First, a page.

It was 2011 when we really started that process. Within 12 months we saw a 300% growth in the traffic to the website. But more importantly the growth was not just in Australia and New Zealand; it was global. And later that decade it became the thing that drove us to set up offices in London although again it was poor timing; I opened in London the day of the vote for Brexit.

Nathan:

That’s in 2016; that’s the final 5 years; we’re not there yet.

Darren:

But going back to my great moments in poor timing. But that 5 years is really about the focus on inbound marketing, going from cold calling, emailing all that traditional outbound work to building a body of work online that’s accessible to people that positions us as (I hate the term thought leaders) people who have interesting informed opinions who are willing to share it.

Nathan:

I certainly noticed in that time the work we were doing was arriving at the door prequalified 1st of all and then 2nd we were asked increasingly to move from pitches to roster and then from roster into marketing structure and process over that time.

I think about when I started in 2010 versus 2015, about 30 or 40% of our work was not to do with agencys at all; it was much more about marketing and how that worked. Is that how you remember it?

Darren:

I think it wasn’t until around 2014/15 where that was happening. Initially it was marketers who had got us in to sort out their external roster. We don’t call that roster rationalisation; we call it strategic alignment. We’re trying to align that roster of agencies to the strategic requirements.

Then we were getting phone calls telling us the roster is great but we realise we’re not aligned to our strategy. You’d see things like a separate digital unit or data analytics sitting on the other side of the organisation. You were seeing this fragmentation within marketing, which we’d already addressed externally so we were then being asked to do the same internally.

Yes, you’re right, it started happening in that 3rd 5 years but I think it consolidated in the last 5 years.

2015 to 2020 – The past five years

Nathan:

So, let’s go to that last 5 years because that seems to have transformed what we do. There’s a progression here but also a discontinuity. When I think about what we’re up to now in 2020 now versus what we were doing in 2015 there’s a focus on aligning everything that goes on in marketing; strategy, structure, capability, process and culture and then looking at the skill sets and capabilities that are required to get all of that aligned. It’s a very different kind of conversation now. What’s your subjective take on it?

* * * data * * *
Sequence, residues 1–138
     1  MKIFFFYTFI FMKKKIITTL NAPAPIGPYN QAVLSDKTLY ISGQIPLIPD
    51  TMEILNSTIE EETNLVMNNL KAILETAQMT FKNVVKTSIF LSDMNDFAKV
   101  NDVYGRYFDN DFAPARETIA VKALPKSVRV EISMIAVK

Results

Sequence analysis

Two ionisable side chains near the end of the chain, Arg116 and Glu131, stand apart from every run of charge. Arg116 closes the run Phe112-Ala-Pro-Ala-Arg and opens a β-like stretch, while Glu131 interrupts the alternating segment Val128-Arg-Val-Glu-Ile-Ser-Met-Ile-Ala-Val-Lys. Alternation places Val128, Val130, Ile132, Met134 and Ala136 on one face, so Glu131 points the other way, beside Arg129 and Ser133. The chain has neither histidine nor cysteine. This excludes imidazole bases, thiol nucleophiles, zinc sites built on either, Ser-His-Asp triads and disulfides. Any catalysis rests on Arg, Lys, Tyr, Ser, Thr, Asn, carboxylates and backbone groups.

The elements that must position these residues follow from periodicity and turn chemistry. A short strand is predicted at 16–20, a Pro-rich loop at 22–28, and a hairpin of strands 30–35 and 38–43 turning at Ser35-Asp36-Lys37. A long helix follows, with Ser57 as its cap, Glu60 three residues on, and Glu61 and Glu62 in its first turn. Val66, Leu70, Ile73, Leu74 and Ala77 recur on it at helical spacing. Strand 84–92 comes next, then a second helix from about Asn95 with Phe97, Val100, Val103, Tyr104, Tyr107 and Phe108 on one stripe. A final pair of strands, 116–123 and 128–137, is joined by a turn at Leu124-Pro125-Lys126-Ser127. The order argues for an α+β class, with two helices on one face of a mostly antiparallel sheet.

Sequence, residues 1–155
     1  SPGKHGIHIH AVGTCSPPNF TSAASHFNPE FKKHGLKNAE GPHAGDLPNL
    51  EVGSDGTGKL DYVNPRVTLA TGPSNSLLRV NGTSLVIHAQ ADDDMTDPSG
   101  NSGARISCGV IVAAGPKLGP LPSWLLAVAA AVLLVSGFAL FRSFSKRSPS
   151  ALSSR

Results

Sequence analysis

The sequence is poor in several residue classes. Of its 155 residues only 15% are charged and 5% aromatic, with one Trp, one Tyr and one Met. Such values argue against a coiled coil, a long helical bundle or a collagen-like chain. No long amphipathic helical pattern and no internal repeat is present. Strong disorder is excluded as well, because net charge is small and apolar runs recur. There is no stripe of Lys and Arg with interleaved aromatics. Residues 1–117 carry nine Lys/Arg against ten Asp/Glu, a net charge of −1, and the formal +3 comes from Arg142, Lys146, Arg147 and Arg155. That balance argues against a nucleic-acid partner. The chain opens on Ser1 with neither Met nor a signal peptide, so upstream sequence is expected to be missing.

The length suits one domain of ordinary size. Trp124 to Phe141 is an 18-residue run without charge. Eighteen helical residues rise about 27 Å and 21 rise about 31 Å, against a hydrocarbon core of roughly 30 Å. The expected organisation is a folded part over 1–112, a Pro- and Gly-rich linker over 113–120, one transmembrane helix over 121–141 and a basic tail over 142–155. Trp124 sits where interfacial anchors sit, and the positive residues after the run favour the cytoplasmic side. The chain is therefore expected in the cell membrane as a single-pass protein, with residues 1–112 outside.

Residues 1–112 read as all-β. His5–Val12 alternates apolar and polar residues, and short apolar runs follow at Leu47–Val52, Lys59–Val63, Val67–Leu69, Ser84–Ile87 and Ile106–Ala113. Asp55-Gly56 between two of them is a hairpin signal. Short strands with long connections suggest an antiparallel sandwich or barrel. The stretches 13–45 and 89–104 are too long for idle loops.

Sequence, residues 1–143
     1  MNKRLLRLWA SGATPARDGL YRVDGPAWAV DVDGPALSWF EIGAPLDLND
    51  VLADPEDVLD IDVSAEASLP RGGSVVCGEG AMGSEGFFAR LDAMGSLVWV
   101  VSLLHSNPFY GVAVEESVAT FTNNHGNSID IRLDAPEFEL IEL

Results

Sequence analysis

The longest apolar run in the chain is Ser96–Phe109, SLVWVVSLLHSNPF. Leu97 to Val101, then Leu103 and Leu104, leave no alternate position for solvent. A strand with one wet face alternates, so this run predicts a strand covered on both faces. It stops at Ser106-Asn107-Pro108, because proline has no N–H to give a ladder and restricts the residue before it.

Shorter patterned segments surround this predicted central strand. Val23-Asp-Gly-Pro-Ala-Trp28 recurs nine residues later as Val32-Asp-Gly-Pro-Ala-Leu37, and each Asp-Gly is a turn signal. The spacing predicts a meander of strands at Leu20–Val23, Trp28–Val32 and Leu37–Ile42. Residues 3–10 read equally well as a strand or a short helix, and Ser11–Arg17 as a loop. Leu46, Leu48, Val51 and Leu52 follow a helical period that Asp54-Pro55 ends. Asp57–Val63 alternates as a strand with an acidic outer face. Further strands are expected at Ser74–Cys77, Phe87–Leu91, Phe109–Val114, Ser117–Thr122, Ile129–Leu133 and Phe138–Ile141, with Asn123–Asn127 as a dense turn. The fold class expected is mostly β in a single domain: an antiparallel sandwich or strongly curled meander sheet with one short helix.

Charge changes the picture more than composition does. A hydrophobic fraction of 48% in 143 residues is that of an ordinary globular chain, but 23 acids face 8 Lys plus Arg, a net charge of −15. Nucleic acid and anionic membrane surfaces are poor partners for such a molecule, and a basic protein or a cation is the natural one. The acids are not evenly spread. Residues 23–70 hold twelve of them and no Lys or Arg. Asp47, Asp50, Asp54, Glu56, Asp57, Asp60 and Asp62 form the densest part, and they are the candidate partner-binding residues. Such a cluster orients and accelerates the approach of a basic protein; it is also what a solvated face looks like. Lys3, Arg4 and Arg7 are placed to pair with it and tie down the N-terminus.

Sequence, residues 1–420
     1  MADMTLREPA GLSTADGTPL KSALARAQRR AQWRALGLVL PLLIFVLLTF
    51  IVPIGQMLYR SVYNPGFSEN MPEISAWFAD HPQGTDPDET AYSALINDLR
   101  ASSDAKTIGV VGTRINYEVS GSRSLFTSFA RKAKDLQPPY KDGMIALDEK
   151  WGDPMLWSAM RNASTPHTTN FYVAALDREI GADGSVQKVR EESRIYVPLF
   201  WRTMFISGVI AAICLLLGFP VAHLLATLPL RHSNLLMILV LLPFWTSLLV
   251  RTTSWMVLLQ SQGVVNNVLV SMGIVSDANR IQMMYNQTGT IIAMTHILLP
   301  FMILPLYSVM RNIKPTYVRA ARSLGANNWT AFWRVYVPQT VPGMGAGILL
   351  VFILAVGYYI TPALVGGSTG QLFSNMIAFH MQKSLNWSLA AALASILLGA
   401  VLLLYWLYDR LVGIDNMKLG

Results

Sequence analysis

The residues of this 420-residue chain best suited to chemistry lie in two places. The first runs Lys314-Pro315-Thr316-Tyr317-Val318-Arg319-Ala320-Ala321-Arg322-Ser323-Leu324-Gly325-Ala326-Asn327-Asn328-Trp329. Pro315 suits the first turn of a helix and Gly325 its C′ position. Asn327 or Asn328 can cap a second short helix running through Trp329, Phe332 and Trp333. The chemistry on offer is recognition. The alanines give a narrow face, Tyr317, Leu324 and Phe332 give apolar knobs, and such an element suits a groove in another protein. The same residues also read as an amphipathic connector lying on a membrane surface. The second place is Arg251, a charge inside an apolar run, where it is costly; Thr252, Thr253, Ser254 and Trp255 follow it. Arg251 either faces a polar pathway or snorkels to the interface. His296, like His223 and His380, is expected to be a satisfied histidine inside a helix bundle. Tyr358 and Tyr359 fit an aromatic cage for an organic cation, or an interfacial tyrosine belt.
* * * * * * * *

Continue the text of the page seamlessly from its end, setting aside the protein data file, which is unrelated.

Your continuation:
Darren:

I’m wondering if the market’s evolved or just our approach to it has evolved. As we’ve worked on these problems over the years we’ve deepened our knowledge and what we look for when a project comes. What drives people to contact us is still the same thing as it was 20 years ago.

How do I get better use of my money? Am I paying too much? Have I got the right agencies? They’re still the same questions. What’s happened is we’ve learnt about complexity. When I started the business it was very linear; it was pretty much agency and marketer.

And then when we got into rosters we started to understand the complexity of how rosters work together. And then we started to look at the complexity within organisations and how marketing sits within that organisation and interacts with external agencies but also how it interacts internally.

This is becoming more and more focused on understanding complexity.

Nathan:

That’s a good observation because you could also look at the marketing industry and the practice of marketing and the proliferation of data points and channels over that 20 years and go marketing has realised that things are a hell of a lot more complex than they thought they were when they could just get a TV, shout at people and tell them what to do.

It’s gone hand in hand with marketing over that time as well. Marketing in many ways is the same now as it was then in terms of some of the techniques but the awareness and complexity of the task and interdependence of all of the elements is what sends a lot of marketers into a spin these days.